Memorial of Verdun
Text &  Pictures: Danny De Clercq - ©SBAP 2012 

In the North of France on the Normandy peninsula lies the base of Ecausseville. This Base was started in 1916 built by the Marine Nationale (French Navy) in addition to the town of Montebourg. The air ships that were based here served to escort allied convoys and protect them from German Submarines (U-Boats). The use of air ships adapted required infrastructure to protect them against wind and rain. This huge building is 150m long, 30m high,40m wide and built of concrete. During WW2, the hangar was used by the German army to store materials, including equipment used in the construction of the Atlantic Wall.

From 6 june 1944, the town of Montebourg was very involved in the terrible figthing after the landing on the Normandy beaches. The hangar was the first stronghold in this battle for the qonquest of Montebourg, taken by the American 4th Division on the 10th of june. After the battle, the hangar became a maintenance facility for vehicles of the US Army and for storage. Servicemen of the 105th Battalion of the 860 Ordance Company as well as German prisoners of war worked here until the end of the war.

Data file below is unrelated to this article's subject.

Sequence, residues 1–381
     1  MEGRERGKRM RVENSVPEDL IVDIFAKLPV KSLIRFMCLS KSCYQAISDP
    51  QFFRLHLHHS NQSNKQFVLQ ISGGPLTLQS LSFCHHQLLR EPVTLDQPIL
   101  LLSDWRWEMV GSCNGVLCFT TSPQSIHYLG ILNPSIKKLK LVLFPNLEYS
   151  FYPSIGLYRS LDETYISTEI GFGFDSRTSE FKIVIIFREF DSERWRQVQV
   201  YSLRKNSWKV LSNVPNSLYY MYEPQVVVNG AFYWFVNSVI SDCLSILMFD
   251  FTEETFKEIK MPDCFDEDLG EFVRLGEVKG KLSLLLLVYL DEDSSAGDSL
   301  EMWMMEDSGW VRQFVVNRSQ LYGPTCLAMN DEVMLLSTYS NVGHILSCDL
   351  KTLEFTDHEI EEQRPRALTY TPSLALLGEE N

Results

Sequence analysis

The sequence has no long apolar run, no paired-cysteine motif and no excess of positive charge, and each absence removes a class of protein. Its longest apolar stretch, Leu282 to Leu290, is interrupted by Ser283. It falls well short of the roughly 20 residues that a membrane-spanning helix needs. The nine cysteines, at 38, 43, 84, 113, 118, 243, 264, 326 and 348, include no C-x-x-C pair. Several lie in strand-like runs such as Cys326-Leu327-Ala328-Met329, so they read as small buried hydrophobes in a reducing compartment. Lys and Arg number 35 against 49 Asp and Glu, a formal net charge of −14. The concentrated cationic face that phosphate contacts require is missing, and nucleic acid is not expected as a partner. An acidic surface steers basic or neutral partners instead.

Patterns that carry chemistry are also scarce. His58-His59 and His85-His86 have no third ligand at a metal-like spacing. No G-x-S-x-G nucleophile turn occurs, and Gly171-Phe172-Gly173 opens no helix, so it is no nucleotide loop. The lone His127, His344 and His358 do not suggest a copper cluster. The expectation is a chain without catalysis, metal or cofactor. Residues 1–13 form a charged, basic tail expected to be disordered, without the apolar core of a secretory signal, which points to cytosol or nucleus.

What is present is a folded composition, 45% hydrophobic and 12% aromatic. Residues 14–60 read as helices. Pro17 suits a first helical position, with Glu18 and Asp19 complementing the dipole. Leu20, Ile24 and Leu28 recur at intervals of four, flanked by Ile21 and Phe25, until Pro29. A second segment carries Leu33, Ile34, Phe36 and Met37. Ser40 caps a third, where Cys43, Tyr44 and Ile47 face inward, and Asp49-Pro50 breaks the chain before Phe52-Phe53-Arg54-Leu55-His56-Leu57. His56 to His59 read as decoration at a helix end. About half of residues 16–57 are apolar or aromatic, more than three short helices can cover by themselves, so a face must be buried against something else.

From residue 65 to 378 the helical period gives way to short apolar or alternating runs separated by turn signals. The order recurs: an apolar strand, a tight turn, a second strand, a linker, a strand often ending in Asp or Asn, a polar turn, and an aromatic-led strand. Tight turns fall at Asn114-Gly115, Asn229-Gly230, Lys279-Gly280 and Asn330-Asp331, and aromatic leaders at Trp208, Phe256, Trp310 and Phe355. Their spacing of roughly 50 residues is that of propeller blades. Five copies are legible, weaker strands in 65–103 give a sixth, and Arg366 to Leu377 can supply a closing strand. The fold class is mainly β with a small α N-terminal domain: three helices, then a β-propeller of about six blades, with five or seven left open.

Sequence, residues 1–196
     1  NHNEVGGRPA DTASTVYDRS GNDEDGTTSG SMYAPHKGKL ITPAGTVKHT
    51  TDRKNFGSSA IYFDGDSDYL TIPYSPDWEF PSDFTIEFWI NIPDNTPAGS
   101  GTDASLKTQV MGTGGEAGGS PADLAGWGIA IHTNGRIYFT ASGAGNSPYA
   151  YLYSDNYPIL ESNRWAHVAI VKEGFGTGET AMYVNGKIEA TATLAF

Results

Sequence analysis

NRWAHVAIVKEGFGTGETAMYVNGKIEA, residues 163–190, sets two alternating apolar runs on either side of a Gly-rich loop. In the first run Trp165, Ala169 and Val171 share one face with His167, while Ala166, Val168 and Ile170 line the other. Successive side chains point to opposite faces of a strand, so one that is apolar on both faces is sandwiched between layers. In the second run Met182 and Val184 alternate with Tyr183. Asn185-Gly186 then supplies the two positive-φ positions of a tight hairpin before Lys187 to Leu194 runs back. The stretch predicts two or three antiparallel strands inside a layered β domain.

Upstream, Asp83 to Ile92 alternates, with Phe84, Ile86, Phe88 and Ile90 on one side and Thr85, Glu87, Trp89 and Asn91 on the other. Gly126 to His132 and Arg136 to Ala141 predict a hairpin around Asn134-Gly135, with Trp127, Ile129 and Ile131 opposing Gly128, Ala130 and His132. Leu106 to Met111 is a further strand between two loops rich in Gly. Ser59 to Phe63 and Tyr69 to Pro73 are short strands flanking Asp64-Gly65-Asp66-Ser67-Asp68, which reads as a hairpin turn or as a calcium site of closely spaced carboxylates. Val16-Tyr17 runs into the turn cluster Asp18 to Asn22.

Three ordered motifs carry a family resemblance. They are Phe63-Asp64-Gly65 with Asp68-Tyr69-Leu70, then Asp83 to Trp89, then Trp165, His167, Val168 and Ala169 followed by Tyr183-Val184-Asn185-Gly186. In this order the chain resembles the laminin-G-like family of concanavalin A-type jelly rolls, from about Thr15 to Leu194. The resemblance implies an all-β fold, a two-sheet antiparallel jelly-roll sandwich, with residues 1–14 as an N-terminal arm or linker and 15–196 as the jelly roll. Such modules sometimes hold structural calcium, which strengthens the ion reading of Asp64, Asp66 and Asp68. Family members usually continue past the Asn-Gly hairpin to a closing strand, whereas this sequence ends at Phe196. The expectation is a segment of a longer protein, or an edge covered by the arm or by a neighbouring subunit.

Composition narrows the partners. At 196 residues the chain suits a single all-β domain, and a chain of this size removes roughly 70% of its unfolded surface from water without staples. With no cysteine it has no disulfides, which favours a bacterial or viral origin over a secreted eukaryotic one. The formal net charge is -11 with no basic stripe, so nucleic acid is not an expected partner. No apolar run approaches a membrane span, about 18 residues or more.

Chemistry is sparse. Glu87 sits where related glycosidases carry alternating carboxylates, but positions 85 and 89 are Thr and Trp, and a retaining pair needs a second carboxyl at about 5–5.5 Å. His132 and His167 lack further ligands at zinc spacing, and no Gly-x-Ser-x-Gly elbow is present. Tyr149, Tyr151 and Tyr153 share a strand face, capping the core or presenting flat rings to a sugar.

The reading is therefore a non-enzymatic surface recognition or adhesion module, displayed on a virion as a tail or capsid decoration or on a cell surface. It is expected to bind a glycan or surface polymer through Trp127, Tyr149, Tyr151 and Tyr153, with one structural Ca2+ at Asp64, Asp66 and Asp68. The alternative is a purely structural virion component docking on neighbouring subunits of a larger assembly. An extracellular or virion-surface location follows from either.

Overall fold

Contemporary the buildings beside the hangar became a museum with many documents, photos, videos and artefacts of this period.

In the hangar you can fly indoor with a small balloon (Aéroplume), hanging in a harness till 20 m height.

 

The remaining hangar from 1919 An armed concrete conception...

A model exhibition explaining the second hangar conception and structures
A model af the site like it was during the golden years of the place The first hangar from 1917 in wood structure
Side building with pictures and Santos Dumont "Demoiselle" replica
Indoor activities in the historic hangar Amazing size of the hangar
Self indoor flight are possible with the "aeroplume"

Pieces of the Focke Wulf 190 A8, registration 170972 shot down during an attack on the peninsula of Contentin and crashed in Saint-Andre-de-Bohon in july 1944. Flown by Gerfreiter Walter Gehr of the 4th JG1. The pilot's body has never been found.

The remain of the "190" Engine parts
Position of the retreived elements (courtesy Aerobase)

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Aerial view of the site (google earth)

 

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